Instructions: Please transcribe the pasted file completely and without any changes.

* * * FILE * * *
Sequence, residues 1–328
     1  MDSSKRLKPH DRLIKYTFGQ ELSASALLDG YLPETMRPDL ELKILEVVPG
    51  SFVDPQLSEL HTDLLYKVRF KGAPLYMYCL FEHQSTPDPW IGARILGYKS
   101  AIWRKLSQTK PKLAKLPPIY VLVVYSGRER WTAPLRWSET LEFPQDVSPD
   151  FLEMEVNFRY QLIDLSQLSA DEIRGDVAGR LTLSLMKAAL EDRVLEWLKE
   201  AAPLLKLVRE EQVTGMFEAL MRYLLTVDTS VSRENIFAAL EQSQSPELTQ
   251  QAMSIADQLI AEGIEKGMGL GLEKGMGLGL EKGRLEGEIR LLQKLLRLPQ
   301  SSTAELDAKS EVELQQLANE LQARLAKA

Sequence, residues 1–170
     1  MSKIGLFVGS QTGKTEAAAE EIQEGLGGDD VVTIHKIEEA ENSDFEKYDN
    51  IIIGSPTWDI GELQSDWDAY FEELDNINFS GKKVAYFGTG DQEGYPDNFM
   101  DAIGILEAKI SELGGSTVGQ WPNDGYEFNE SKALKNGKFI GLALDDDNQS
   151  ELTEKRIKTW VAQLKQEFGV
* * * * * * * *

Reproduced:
Sequence, residues 1–328
     1  MDSSKRLKPH DRLIKYTFGQ ELSASALLDG YLPETMRPDL ELKILEVVPG
    51  SFVDPQLSEL HTDLLYKVRF KGAPLYMYCL FEHQSTPDPW IGARILGYKS
   101  AIWRKLSQTK PKLAKLPPIY VLVVYSGRER WTAPLRWSET LEFPQDVSPD
   151  FLEMEVNFRY QLIDLSQLSA DEIRGDVAGR LTLSLMKAAL EDRVLEWLKE
   201  AAPLLKLVRE EQVTGMFEAL MRYLLTVDTS VSRENIFAAL EQSQSPELTQ
   251  QAMSIADQLI AEGIEKGMGL GLEKGMGLGL EKGRLEGEIR LLQKLLRLPQ
   301  SSTAELDAKS EVELQQLANE LQARLAKA

Sequence, residues 1–170
     1  MSKIGLFVGS QTGKTEAAAE EIQEGLGGDD VVTIHKIEEA ENSDFEKYDN
    51  IIIGSPTWDI GELQSDWDAY FEELDNINFS GKKVAYFGTG DQEGYPDNFM
   101  DAIGILEAKI SELGGSTVGQ WPNDGYEFNE SKALKNGKFI GLALDDDNQS
   151  ELTEKRIKTW VAQLKQEFGV